In 1854, the British government awarded a contract to the Elswick Ordnance Company of industrialist William Armstrong for the supply of his latest breech loading rifled artillery pieces. This galvanised the private sector into weapons production, with the surplus being increasingly exported to foreign countries. Armstrong became one of the first international arms dealers, selling his weapon systems to governments across the world from Brazil to Japan.[6] In 1884, he opened a shipyard at Elswick to specialise in warship production—at the time, it was the only factory in the world that could build a battleship and arm it completely.[7] The factory produced warships for many navies, including the Imperial Japanese Navy. Several Armstrong cruisers played an important role in defeating the Russian fleet at the Battle of Tsushima in 1905.

In the American Civil War in 1861 the north had a distinct advantage over the south as it relied on using the breech-loading rifle against the muskets of the south. This began the transition to industrially produced mechanised weapons such as the Gatling gun.[8]

This industrial innovation in the defence industry was adopted by Prussia in 1866 & 1870-71 in its defeat of Austria and France respectively. By this time the machine gun had begun entering into the militaries. The first example of its effectiveness was in 1899 during the Boer War and in 1905 during the Russo-Japanese War. However, Germany were leaders in innovation of weapons and used this innovation nearly defeating the allies in World War I.

In 1885, France decided to capitalize on this increasingly lucrative form of trade and repealed its ban on weapon exports. The regulatory framework for the period up to the First World War was characterized by a laissez-faire policy that placed little obstruction in the way of weapons exports. Due to the carnage of World War I, arms traders began to be regarded with odium as "merchants of death" and were accused of having instigated and perpetuated the war in order to maximise their profits from arms sales. An inquiry into these allegations in Britain failed to find evidence to support them. However, the sea change in attitude about war more generally meant that governments began to control and regulate the trade themselves.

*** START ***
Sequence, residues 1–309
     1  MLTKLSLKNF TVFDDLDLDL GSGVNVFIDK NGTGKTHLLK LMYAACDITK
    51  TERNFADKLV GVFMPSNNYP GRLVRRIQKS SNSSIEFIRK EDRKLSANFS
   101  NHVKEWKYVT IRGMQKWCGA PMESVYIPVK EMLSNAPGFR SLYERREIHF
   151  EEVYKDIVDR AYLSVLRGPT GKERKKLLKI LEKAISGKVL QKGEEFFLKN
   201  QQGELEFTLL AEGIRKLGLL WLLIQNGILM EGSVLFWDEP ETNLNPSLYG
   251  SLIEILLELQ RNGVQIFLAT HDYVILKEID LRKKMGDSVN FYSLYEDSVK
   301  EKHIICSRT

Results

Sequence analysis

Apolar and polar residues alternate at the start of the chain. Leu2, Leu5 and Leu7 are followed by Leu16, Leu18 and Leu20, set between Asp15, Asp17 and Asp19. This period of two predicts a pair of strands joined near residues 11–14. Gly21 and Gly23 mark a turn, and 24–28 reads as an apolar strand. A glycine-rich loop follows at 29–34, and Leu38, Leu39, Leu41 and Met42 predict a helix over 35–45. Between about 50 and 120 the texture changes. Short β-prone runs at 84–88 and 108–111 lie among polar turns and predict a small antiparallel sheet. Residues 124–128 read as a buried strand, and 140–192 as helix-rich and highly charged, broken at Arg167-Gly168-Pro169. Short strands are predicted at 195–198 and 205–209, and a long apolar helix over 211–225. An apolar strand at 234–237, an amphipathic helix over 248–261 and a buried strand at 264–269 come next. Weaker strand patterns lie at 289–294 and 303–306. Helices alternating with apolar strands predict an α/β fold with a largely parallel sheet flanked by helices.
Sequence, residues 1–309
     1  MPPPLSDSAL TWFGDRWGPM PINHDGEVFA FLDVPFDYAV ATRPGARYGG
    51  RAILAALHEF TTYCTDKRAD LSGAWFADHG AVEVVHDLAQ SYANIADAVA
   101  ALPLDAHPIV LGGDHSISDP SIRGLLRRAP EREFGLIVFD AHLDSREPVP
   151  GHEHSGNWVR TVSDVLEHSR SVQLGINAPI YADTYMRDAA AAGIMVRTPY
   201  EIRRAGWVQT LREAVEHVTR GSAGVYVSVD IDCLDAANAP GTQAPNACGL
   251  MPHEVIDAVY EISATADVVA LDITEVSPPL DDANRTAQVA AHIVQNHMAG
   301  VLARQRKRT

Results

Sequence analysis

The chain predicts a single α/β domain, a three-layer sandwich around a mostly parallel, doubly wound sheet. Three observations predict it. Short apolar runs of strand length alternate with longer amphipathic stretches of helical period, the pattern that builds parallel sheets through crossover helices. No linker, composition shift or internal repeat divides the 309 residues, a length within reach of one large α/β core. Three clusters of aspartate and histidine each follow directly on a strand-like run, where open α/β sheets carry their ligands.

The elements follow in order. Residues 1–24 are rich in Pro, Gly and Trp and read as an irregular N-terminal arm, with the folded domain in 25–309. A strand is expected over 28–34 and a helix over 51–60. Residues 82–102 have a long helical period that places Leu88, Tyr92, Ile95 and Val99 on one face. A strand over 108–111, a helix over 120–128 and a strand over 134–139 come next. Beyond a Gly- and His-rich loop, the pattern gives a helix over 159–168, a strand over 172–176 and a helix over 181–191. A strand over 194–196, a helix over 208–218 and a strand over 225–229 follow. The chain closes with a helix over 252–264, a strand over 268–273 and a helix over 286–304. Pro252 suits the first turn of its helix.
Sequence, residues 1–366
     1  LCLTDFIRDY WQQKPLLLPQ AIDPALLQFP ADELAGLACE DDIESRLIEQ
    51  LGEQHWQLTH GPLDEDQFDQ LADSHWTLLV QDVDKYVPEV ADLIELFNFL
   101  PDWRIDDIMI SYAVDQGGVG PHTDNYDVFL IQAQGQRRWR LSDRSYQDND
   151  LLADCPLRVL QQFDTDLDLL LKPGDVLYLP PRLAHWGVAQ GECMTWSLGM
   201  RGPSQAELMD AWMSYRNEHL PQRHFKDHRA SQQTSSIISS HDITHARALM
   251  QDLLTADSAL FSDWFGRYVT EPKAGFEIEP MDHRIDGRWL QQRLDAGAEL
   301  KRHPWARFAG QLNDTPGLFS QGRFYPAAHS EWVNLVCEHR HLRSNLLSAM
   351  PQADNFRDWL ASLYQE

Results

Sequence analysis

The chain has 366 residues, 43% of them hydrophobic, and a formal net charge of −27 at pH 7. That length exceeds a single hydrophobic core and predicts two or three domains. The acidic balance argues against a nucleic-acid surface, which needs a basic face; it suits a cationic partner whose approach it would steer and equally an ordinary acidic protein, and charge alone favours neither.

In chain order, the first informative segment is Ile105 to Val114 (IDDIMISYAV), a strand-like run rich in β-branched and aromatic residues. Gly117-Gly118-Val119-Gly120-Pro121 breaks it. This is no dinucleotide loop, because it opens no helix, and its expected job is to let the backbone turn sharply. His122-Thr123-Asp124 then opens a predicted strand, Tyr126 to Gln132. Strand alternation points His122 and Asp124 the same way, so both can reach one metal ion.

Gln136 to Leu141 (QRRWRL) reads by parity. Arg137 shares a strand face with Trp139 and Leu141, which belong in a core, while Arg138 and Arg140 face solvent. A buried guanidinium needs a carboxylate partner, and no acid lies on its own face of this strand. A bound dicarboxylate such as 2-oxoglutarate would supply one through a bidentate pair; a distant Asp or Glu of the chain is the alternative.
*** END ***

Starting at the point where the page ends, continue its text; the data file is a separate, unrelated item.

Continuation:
Stacks of shells in the shell filling factory at Chilwell during World War I.

The volume of the arms trade greatly increased during the 20th century, and it began to be used as a political tool, especially during the Cold War where the United States and the USSR supplied weapons to their proxies across the world, particularly third world countries (see Nixon Doctrine).[9]


The AK series of weapons have been produced in greater numbers than any other firearm and have been used in conflicts all over the world.

Land-based weapons

This category includes everything from light arms to heavy artillery, and the majority of producers are small. Many are located in third world countries. International trade in handguns, machine guns, tanks, armored personnel carriers, and other relatively inexpensive weapons is substantial. There is relatively little regulation at the international level, and as a result, many weapons fall into the hands of organized crime, rebel forces, terrorists, or regimes under sanctions.[10]

Small arms

Main article: Small arms trade

The Control Arms Campaign, founded by Amnesty International, Oxfam, and the International Action Network on Small Arms, estimated in 2003 that there are over 639 million small arms in circulation, and that over 1,135 companies based in more than 98 different countries manufacture small arms as well as their various components and ammunition.[11]

Aerospace systems

A T-45 Goshawk on the assembly line at McDonnell Douglas.